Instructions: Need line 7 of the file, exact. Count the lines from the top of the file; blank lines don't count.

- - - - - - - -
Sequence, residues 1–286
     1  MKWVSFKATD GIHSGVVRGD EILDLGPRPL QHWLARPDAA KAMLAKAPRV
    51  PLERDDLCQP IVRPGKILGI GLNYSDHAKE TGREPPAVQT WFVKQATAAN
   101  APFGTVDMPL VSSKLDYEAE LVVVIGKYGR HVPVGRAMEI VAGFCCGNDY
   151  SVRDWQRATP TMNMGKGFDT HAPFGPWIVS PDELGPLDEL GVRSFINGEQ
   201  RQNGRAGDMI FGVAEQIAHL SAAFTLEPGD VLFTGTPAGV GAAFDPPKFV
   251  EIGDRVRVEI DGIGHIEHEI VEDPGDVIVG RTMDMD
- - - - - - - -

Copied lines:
   251  EIGDRVRVEI DGIGHIEHEI VEDPGDVIVG RTMDMD